There’s a sense of sadness to tinge the euphoria around a Jack White solo release. It’s fair to say that, compared to most of his contemporaries, White is somewhat ‘productive’ with his music output, but this album more than any feels like a replacement for a new release from the sadly departed White Stripes.
In a way, Jack White has always been a bit of a solo artist. Though recent admissions claim in the Stripes it was Meg running the show, it was always Jack that seemed the creative force. The Raconteurs and Dead Weather both live in the shadow of their leader; even when taking up production duties for someone else, it’s Jack who finds himself ‘the story’.
On his de facto solo debut it’s fair to say he flourishes, even if hogging the limelight is nothing new. There’s no epic reinvention of the Jack White sound - if anything, this is an album that stands as the product of what came before. From the screaming riff of ‘Sixteen Saltines’ to the tripped out dream sequence of ‘Take Me With You When You Go’, at times ‘Blunderbuss’ sounds the most cohesive distillation of the Third Man sound to date.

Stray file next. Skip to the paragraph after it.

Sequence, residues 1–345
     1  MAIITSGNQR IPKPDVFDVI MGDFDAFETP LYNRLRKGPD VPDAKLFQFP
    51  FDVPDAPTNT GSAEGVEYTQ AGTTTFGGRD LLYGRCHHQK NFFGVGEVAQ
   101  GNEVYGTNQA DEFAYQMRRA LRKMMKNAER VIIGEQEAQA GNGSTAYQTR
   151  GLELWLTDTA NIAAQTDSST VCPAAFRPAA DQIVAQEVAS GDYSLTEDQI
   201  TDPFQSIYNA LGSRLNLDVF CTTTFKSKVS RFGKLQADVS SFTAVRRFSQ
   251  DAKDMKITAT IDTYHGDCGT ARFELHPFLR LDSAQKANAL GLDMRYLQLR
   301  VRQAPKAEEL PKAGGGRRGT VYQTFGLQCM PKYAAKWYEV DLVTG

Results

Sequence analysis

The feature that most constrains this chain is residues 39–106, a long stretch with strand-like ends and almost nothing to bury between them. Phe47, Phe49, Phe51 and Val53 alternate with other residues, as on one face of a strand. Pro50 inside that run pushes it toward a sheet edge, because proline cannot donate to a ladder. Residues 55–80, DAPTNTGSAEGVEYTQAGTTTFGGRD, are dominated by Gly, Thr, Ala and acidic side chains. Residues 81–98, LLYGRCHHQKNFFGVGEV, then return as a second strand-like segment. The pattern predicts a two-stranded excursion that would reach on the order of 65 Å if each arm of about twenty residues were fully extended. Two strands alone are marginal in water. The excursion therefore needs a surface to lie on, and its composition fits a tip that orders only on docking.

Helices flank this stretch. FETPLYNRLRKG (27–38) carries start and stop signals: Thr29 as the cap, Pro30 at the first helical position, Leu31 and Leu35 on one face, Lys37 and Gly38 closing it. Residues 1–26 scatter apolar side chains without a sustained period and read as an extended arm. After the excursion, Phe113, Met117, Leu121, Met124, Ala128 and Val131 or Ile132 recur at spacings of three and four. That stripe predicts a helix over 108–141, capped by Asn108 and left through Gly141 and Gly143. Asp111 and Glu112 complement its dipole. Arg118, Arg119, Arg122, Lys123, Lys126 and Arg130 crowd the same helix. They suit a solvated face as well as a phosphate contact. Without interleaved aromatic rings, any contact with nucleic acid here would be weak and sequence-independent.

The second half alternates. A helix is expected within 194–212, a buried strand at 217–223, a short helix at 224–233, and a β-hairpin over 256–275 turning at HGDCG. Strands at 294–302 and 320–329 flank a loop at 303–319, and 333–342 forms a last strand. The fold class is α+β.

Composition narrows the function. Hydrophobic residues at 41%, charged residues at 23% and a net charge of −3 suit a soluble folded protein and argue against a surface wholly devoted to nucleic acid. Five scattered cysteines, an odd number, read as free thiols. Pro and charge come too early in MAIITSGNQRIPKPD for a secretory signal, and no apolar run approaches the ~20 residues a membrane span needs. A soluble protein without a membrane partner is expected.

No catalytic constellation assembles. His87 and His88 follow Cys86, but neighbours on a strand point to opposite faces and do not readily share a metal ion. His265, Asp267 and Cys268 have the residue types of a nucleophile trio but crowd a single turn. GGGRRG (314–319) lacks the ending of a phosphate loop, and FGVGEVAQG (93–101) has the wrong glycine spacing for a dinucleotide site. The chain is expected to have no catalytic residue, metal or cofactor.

The brooding guitar line at the heart of ‘Freedom At 21’, and the typically Jack solo that follows it, the juxtaposition of acoustic guitars and violent wordplay of ‘Love Interruption’, and the piano led shuffle of ‘Hip (Eponymous) Poor Boy’ all rank amongst White’s best moments; even if the latter does sound more than a touch like the theme to an 80s sitcom.
There’s no avoiding the fact ‘Blunderbuss’ is an album for those already long inducted into the church of Jack White. Those unconvinced by his particular tones will find little, if anything, to change their minds. Not that they’d be expecting to either; with a congregation more than happy for Jack to simply be Jack, every indication suggests that - if this does become White’s main creative outlet - he’s on to a winner.
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